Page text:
For several years he was no longer part of the family. It was while he was away that my mother bought the land, the concession. A terrible business, but for us, the children who were left, not so terrible as the presence of the killer would have been, the child-killer of the night, of the night of the hunter.
 
I’ve often been told it was because of spending all one’s childhood in too strong a sun. But I’ve never believed it. I’ve also been told it was because being poor made us brood. But no, that wasn’t it. Children like little old men because of chronic hunger, yes. But us, no, we weren’t hungry. We were white children, we were ashamed, we sold our furniture but we weren’t hungry, we had a houseboy and we ate. Sometimes, admittedly, we ate garbage, storks, baby crocodiles, but the garbage was cooked and served by a houseboy, and sometimes we refused it, too, we indulged in the luxury of declining to eat. No, something occurred when I was eighteen to make this face happen. It must have been at night. I was afraid of myself, afraid of God. In the daylight I was less afraid, and death seemed less important. But it haunted me all the time. I wanted to kill – my older brother, I wanted to kill him, to get the better of him for once, just once, and see him die. I wanted to do it to remove from my mother’s sight the object of her love, that son of hers, to punish her for loving him so much, so badly, and above all – as I told myself, too – to save my younger brother, my younger brother, my child, save him from the living life of that elder brother superimposed on his own, from that black veil over the light, from the law which was decreed and represented by the elder brother, a human being, and yet which was an animal law, filling every moment of every day of the younger brother’s life with fear, a fear that one day reached his heart and killed him.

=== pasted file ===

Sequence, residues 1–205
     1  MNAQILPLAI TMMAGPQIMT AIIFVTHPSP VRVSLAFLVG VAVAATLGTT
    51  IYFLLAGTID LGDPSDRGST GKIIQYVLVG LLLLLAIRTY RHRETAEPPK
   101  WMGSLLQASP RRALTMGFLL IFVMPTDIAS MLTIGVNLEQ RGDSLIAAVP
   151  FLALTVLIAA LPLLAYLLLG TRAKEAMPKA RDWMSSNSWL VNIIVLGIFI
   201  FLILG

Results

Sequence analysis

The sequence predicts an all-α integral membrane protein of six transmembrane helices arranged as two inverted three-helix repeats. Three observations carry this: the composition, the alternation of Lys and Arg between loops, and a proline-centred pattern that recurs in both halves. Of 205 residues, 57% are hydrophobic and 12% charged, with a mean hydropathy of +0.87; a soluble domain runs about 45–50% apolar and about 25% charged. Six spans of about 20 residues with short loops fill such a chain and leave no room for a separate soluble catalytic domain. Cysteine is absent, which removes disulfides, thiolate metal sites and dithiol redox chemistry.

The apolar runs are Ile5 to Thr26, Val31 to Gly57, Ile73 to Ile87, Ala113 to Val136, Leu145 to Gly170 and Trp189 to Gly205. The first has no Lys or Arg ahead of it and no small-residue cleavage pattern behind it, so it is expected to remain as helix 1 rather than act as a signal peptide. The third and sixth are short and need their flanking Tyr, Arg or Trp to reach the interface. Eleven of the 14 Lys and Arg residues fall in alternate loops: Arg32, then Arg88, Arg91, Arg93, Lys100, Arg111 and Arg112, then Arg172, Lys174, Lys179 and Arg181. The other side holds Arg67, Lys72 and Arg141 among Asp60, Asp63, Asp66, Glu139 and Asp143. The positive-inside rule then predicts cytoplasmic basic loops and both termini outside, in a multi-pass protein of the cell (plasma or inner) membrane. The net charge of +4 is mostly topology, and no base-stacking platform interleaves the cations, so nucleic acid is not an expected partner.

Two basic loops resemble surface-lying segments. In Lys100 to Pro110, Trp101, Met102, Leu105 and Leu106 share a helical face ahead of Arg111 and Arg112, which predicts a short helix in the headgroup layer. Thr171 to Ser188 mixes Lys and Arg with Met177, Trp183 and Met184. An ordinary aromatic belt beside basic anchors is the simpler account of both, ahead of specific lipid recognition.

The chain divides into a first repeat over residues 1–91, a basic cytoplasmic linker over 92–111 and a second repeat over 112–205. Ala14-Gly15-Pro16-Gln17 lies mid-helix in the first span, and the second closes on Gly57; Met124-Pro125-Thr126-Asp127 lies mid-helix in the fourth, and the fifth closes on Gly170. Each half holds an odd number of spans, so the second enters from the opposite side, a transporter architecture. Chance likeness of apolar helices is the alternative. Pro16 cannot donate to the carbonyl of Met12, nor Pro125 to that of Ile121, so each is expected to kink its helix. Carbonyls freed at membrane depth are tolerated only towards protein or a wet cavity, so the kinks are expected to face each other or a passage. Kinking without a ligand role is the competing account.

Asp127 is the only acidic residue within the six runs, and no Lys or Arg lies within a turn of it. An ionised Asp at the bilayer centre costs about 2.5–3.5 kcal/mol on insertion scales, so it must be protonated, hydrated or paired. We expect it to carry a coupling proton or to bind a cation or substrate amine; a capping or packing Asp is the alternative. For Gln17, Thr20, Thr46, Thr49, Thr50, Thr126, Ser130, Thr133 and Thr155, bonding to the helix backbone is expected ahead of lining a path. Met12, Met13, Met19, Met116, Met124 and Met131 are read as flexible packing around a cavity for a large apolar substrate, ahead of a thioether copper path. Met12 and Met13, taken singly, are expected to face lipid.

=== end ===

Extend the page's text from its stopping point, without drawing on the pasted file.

I’ve written a good deal about the members of my family, but then they were still alive, my mother and my brothers. And I skirted around them, skirted around all these things without really tackling them.